Continually inhabited for 500 years, Burnside currently only has a population of about 70 people in the summer and perhaps 20 in the winter. It was ideally situated for lobstering, as well as for fishing of salmon, herring, mackerel, and squid.
Native peoples included the Beothuk, the aboriginal people of Newfoundland. Contact with European culture in the 16th century was a little different than what other natives on the mainland experienced since early Europeans were migrant fishermen who came to fish and then left, often leaving items including metal behind that the Beothuk then refashioned to increase their hunting technology.
In contrast, when the Europeans began to permanently settle the island in the 17th century the Beothuk retreated to more isolated parts of the island. By the beginning of the 19th century, the Beothuk were reduced to a small refugee population living along the Exploits River system and attempting to subsist on the inadequate resources of the interior. Although a succession of Newfoundland governors had, since the middle of the 18th century, attempted to establish friendly contact with the Beothuk, it was probably too late to change a pattern which had existed for perhaps 250 years. Shanawdithit, the last known Beothuk, died in St. John's, Newfoundland in 1829. (Thanks go out to Heritage Newfoundland for the information!)
We discovered that a ferry runs from Burnside to St. Brendan's, one of the few offshore island communities not to suffer from forced resettlement by the Canadian Government.
We thought about taking the ferry over to St. Brendan's, but it was an hour ride each way and the day was already getting away from us.
Resettlement was a program where the government tried to centralize the population in smaller outlying communities to encourage growth. From 1954 to 1975 about 300 communities and nearly 30,000 people were moved.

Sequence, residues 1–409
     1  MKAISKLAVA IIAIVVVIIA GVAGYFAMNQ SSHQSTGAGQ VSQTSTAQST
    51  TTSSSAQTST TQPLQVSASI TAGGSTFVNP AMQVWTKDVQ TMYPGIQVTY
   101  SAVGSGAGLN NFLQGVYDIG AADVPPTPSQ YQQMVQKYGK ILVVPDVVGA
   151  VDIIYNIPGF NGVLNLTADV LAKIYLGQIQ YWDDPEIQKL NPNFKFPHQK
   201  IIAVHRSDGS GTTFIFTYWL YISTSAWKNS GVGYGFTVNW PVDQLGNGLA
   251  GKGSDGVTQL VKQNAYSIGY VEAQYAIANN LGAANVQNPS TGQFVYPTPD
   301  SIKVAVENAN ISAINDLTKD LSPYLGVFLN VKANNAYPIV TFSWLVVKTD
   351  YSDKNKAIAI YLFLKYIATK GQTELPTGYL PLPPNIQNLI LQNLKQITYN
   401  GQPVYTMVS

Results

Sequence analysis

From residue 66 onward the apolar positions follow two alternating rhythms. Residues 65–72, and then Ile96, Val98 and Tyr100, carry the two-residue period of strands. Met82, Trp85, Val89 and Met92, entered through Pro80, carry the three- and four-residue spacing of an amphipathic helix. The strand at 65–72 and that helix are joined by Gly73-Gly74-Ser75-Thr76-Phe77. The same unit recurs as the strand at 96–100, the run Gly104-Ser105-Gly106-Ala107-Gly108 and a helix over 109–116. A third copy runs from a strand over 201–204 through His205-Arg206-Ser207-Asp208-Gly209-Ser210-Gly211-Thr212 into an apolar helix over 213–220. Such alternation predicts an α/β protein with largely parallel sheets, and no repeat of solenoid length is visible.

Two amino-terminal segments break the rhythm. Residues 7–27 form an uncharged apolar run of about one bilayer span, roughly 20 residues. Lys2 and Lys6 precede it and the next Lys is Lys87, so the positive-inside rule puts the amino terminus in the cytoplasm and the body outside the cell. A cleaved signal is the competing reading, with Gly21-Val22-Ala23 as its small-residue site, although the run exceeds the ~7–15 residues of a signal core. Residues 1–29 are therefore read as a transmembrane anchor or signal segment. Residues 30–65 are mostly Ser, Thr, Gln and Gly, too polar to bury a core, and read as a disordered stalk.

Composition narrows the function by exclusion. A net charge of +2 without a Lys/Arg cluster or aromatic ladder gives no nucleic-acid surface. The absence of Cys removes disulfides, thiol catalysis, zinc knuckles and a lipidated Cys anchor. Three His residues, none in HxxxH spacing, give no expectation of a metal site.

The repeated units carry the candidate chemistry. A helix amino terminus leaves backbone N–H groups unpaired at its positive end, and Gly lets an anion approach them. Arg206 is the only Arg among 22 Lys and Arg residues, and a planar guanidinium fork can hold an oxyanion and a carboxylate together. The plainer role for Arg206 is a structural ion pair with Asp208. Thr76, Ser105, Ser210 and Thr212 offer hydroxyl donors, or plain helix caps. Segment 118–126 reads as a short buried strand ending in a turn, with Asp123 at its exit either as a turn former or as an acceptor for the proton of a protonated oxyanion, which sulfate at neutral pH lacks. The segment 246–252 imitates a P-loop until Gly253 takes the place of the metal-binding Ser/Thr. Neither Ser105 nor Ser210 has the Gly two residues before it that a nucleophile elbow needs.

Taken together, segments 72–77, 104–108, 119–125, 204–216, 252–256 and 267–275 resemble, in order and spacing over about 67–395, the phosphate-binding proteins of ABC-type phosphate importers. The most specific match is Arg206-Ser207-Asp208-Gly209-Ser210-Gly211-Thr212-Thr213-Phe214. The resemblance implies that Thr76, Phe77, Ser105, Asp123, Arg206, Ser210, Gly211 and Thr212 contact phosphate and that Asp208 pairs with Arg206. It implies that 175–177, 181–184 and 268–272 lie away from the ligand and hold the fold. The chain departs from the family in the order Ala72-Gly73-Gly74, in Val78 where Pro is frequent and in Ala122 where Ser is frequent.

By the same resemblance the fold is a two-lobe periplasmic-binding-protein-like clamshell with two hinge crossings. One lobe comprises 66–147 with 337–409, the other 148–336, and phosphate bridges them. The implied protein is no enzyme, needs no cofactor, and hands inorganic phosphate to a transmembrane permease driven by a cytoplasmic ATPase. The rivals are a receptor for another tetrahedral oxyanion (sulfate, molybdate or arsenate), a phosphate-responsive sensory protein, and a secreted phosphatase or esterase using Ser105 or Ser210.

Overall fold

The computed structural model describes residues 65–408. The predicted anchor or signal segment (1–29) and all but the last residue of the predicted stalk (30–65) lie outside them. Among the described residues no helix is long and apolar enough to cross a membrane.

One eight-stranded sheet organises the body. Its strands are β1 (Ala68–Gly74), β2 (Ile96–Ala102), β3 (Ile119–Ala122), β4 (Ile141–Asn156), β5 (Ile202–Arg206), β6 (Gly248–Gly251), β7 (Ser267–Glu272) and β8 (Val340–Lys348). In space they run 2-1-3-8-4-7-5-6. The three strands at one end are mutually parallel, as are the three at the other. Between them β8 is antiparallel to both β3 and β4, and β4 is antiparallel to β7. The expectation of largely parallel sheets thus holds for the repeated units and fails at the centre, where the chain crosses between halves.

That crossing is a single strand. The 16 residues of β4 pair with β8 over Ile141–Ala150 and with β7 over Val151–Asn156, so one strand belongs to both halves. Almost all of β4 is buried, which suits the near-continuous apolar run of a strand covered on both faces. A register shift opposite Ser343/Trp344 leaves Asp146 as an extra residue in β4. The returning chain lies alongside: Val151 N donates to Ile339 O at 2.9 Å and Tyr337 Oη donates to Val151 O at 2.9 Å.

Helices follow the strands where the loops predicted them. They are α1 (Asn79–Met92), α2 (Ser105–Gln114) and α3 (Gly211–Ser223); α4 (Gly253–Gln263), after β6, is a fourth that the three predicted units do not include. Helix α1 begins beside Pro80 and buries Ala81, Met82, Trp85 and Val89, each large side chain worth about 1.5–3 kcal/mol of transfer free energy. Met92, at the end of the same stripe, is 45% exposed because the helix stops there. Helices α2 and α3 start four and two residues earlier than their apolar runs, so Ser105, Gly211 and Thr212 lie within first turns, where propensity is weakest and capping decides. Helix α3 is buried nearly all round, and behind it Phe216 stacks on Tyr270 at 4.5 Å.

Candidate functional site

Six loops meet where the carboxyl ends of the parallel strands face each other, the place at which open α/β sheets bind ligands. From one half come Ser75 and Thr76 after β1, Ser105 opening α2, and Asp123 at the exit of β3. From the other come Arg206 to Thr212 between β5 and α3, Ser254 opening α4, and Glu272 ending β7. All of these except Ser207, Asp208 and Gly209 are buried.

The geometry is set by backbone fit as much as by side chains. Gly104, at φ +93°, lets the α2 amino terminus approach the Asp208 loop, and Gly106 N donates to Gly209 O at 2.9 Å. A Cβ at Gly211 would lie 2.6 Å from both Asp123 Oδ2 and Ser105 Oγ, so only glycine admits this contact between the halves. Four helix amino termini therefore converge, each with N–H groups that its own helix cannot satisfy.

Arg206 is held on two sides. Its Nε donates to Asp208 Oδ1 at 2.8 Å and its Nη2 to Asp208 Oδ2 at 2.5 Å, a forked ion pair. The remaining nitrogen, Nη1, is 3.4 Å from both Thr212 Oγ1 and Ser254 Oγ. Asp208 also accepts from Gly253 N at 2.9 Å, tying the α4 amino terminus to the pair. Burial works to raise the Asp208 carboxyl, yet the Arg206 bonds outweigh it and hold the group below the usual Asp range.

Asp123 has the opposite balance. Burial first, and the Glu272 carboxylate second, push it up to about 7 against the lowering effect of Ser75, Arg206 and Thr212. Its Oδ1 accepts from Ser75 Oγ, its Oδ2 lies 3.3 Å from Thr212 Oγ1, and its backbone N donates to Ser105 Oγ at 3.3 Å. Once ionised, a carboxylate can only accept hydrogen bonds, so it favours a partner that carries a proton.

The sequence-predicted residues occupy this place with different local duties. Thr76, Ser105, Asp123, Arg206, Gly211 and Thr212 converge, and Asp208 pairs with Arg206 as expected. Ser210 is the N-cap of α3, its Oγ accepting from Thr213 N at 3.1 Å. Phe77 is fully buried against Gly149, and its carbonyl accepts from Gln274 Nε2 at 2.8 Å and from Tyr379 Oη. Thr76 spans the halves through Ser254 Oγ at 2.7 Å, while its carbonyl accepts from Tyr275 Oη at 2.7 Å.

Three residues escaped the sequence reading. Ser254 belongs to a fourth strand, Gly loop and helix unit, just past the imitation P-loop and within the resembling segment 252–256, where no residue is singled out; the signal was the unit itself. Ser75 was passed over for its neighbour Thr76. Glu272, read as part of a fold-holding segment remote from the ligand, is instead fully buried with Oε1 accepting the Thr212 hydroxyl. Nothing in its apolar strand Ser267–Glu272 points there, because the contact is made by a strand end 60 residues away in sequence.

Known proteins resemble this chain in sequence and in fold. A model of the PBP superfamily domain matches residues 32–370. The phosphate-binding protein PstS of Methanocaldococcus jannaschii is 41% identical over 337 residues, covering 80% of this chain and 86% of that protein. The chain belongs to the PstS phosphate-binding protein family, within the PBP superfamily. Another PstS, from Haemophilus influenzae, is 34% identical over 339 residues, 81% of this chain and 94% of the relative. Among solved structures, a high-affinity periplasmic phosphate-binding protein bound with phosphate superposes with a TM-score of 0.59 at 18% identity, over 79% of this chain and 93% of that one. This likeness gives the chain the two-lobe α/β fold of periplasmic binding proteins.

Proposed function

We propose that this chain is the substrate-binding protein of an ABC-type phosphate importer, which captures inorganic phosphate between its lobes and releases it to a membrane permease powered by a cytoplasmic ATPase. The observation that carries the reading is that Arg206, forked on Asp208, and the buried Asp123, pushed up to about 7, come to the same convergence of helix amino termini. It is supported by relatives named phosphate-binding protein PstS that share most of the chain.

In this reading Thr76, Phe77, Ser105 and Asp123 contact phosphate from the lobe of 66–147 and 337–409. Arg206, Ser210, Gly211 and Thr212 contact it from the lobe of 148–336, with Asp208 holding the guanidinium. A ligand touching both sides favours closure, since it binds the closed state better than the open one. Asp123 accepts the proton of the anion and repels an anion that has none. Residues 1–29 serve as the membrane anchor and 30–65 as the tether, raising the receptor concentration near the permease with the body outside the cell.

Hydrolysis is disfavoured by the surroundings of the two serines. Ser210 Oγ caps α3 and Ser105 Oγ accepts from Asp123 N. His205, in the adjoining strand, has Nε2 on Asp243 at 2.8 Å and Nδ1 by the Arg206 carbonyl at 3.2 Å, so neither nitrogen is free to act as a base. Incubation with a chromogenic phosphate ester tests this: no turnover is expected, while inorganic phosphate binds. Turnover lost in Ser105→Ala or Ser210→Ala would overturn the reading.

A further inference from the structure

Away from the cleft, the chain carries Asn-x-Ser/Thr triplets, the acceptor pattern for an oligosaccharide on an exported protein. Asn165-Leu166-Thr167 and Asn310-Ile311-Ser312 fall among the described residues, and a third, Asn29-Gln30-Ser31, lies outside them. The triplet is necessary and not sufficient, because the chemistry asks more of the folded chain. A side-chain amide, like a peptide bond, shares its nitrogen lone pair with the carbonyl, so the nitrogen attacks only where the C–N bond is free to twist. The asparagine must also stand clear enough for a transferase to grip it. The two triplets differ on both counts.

Originally the government would pay for the relocation of all of a families belongings as well as their house to the new community. This was changed to a cash payment of $150 per family at the start of the program and gradually increased to $600 per family by the end of the first wave of the program. This was a significant amount of money as the annual income for a fisherman working in the inshore fishery was generally under $500 per year. In order for a community to be eligible for assistance every member would have to agree to relocate. Can you imagine the tensions this created in the communities?
Both my family and Wayne's family are products of Resettlement. Wayne's comes originally from St. Leonard's (which is also their surname) and my grandmother came from the adjoining community of St. Kyran's. My grandmother and Wayne's mother are only 4 years apart in age and actually went to school together! Neither Wayne nor I have been back to see these abandoned communities though we discuss it often and hope to do so someday. It is a 4 hour boat ride out, and that is how the communities used to get their supplies and mail.
|See St. Kyran's and St. Leonard's in red at thebottom left? Freshwater and Placentia in black, right center.|
There was a beautiful song written about Resettlement called "The Government Game". Go to this YouTube link to listen, it always makes me tear up.
Wayne bought some fresh salmon in Burnside to cook for his dinner, and we were very glad to have landed here by mistake.
Fishing may not be the only way of life anymore in Newfoundland, but it still has its place in the culture. We are so glad to be touring the island and connecting with our past and the current residents' present.
Hopefully we will see more small town life when we travel up to Bonavista and Elliston tomorrow, even if it rains as forecasted I'm sure we will come home with treasured memories.